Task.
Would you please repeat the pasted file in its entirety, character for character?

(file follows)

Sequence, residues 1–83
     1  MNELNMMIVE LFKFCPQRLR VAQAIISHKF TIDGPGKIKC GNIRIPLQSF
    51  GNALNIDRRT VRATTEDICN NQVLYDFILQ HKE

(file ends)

Sequence, residues 1–83
     1  MNELNMMIVE LFKFCPQRLR VAQAIISHKF TIDGPGKIKC GNIRIPLQSF
    51  GNALNIDRRT VRATTEDICN NQVLYDFILQ HKE